The Enron Scandal and Moral Hazard Department of Economics by alicejenny


									The Enron Scandal
 and Moral Hazard
         Prof. Leigh Tesfatsion
       Department of Economics
         Iowa State University
         Ames, IA 50011-1070

     Last Revised: 3 April 2011
       The Enron Scandal
       and Moral Hazard
• Enron, the 7th largest U.S. company in 2001,
  filed for bankruptcy in December 2001.
• Enron investors and retirees were left with
  worthless stock.
• Enron was charged with securities fraud
  (fraudulent manipulation of publicly reported
  financial results, lying to SEC,…)
• QUESTION: In what ways are security
  market moral hazard problems at the
  heart of the Enron bankruptcy scandal?
       Brief Time-Line of
       the Enron Scandal

• Enron was a Houston-based natural gas pipeline
  company formed by merger in 1985.

• By early 2001, Enron had morphed into the
  7th largest U.S. company, and the largest U.S.
  buyer/seller of natural gas and electricity.

• Enron was heavily involved in energy brokering,
  electronic energy trading, global commodity and
  options trading, etc.
   Brief Time-Line of the
 Enron Scandal…Continued

• On October 16, 2001, in the first major
  public sign of trouble, Enron announces a
  huge third-quarter loss of $618 million.

• On October 22, 2001, the Securities and
  Exchange Commission (SEC) begins an
  inquiry into Enron’s accounting practices.

• On December 2, 2001, Enron files for
: Oct – Dec 2001
  Regulatory Oversight of Enron

    Auditors                    SEC
Arthur Anderson
                                Enron Board
                                of Directors
       Company Report

    Investigative Findings
 1993-2001: Enron used complex dubious
energy trading schemes
Example: “Death Star” Energy Trading Strategy

•   Took advantage of a loophole in the market rules governing
    energy trading in California

•   Enron would schedule electric power transmission on a
    congested line from bus A to bus B in the opposite direction
    to demand, thus enabling them to collect a “congestion
    reduction” fee for seemingly relieving congestion on this line.

•   Enron would then schedule the routing of this energy all the
    way back to bus A so that no energy was actually bought or
    sold by Enron in net terms. It was purely a routing scheme.
     Investigative Findings …
     1993-2001: Enron also used complex &
    dubious accounting schemes
• to reduce Enron’s tax payments;
• to inflate Enron’s income and profits;
• to inflate Enron’s stock price and credit rating;
• to hide losses in off-balance-sheet subsidiaries;
• to engineer off-balance-sheet schemes to funnel
  money to themselves, friends, and family;
• to fraudulently misrepresent Enron’s financial
  condition in public reports.
 Case Study of One Accounting Scheme
   (Based on WSJ site & Prof. S. Ravenscroft Notes)

• Enron’s rapid growth in late 1990s involved
large capital investments not expected to
generate significant cash flow in short term.

• Maintaining Enron’s credit ratings at an
investment grade (e.g., BBB- or higher by
S&P) was vital to Enron’s energy trading
      Case Study … Continued

• One perceived solution: Create partnerships
structured as special purpose entities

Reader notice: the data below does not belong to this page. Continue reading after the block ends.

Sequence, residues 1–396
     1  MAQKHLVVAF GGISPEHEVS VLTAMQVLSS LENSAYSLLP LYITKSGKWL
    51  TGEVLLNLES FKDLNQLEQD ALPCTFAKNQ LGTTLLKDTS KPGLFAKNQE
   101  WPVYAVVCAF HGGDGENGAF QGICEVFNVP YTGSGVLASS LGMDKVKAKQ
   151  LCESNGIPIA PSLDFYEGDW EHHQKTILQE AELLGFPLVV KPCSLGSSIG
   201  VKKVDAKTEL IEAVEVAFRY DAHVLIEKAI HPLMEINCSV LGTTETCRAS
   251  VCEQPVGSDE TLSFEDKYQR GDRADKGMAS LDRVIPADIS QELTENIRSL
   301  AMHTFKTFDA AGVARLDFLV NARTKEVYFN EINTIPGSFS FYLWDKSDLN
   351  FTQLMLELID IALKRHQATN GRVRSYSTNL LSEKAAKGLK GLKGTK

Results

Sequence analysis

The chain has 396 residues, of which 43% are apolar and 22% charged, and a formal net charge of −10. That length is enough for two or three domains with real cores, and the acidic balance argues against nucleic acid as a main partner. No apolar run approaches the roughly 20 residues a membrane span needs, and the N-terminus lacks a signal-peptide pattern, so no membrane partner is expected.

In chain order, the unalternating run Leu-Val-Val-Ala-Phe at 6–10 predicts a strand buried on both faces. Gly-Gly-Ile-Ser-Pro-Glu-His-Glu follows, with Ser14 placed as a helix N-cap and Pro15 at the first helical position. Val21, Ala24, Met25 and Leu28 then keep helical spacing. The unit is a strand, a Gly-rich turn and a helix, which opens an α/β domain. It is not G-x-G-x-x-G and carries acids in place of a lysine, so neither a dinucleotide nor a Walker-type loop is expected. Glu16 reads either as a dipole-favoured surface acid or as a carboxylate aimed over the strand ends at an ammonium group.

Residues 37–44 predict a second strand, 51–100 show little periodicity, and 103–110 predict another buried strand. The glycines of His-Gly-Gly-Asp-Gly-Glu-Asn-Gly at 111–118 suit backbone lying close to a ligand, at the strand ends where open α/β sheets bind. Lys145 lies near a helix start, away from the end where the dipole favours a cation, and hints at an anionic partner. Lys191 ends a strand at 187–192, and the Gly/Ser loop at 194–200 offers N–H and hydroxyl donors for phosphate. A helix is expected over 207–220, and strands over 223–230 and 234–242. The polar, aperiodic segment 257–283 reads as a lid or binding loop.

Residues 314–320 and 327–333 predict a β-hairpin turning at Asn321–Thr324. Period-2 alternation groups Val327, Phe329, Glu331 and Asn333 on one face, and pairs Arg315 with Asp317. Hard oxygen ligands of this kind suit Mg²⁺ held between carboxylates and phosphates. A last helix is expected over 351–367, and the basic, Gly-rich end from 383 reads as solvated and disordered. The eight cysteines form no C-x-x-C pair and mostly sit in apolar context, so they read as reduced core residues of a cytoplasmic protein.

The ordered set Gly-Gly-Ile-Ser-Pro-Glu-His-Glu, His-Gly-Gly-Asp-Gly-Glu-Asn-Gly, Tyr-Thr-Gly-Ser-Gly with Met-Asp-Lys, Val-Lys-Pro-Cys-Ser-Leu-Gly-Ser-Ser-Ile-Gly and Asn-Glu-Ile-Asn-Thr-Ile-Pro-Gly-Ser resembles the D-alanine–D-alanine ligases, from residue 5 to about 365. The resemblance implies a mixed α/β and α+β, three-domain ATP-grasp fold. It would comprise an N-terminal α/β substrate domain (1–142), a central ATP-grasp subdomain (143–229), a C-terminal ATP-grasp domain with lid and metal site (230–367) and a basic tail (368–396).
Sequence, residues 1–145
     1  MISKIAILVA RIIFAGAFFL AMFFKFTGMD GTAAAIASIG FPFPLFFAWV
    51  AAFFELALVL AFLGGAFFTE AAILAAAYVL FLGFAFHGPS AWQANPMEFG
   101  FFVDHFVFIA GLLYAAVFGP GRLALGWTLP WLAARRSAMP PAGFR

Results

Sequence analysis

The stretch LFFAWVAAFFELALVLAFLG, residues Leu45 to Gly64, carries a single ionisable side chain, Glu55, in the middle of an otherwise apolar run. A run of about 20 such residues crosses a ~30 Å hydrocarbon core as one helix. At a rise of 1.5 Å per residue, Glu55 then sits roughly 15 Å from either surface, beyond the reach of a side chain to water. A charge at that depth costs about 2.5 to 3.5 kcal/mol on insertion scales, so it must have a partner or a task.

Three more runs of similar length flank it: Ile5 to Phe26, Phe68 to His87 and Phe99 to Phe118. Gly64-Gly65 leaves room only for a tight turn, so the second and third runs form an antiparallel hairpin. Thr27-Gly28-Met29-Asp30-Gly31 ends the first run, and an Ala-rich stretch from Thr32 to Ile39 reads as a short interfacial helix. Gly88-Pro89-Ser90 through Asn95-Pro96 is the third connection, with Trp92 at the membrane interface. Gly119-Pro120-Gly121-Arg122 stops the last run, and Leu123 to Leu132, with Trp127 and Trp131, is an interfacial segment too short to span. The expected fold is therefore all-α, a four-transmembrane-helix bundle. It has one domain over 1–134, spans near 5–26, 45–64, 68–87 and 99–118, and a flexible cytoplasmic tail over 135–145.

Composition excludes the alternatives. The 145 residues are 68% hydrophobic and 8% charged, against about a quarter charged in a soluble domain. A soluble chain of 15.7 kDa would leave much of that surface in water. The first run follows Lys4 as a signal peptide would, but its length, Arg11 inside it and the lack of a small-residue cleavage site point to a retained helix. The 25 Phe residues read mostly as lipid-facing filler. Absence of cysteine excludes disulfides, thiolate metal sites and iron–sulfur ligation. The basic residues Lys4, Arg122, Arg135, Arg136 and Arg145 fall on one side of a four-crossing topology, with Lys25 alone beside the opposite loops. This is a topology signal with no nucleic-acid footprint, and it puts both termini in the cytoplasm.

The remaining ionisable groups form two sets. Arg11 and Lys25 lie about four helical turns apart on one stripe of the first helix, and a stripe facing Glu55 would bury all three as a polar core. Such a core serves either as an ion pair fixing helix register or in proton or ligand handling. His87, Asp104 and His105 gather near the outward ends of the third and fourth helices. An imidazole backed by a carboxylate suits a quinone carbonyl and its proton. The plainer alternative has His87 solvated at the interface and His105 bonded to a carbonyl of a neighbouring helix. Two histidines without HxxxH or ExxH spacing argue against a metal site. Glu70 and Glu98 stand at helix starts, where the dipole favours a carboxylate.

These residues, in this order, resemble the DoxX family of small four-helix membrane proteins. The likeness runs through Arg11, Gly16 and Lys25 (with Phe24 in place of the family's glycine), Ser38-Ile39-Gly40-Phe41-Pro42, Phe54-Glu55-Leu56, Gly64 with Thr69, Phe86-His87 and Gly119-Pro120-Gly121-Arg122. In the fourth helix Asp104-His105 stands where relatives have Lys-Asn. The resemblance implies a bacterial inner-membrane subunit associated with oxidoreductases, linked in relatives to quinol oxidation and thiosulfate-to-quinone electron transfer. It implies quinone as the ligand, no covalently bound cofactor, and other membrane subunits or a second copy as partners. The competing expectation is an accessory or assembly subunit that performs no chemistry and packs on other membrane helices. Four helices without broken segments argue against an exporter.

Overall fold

(SPEs) that could borrow from outside
investors without having to be consolidated
into Enron’s balance sheet.

• SPE 3% Rule: No consolidation needed if
at least 3% of SPE total capital was owned
independently of Enron.
          Case Study … Continued

• Enron’s creation of over 3000 partnerships
  started about 1993 when it teamed with Calpers
  (California Public Retirement System) to create JEDI
  (Joint Energy Development Investments) fund.

• Enron initially thought of these partnerships as
  temporary solutions for temporary cash flow
• Enron later used SPE partnerships under 3%
  rule to hide bad bets it had made on speculative
  assets by selling these assets to the partnerships in
  return for IOUs backed by Enron stock as collateral!
  (over $1 billion by 2002)
1993                 CALPERS
        50% interest    50% interest
             $250 Mil
             in Enron

     Case Study… Continued

• In Nov 1997, Calpers wants to cash out of JEDI.

• To keep JEDI afloat, Enron needs new 3% partner.

• It creates another partnership Chewco (named
  for the Star Wars character Chewbacca) to buy out
  Calpers’ stake in JEDI for $383 million.

• Enron plans to back short-term loans to Chewco to
  permit it to buy out Calper’s stake for $383 million.
                           $383 million buyout
 Short-term loans

                    $383 million
This is the plan….
     Case Study…Continued

• Chewco needs $383 million to give Calpers
• It gets…..
   — $240 mil loan from Barclay’s bank
      guaranteed by Enron
   — $132 mil credit from JEDI (whose
      only asset is Enron stock)
•Chewco still must get 3% of $383 million
(about $11.5 million) from some outside
source to avoid inclusion of JEDI’s debt on
Enron’s books (SEC filing, 1997).
    Case Study…Continued

Chewco Capital Structure: Outside 3%

•$125,000 from William Dodson & Michael
Kopper (an aide to Enron CFO Fastow)

•$11.4 mil loans from Big River and Little
River (two new companies formed by Enron
expressly for this purpose who get a loan
from Barclay’s Bank)
    More Complications for Enron!

•   Barclay’s Bank begins to doubt the
    strength of the new companies Big River
    and Little River.
•   It requires a cash reserve of $6.6
    million to be deposited (as security) for
    the $11.4 million dollar loans.
•   This cash reserve is paid by JEDI, whose
    net worth by this time consists solely of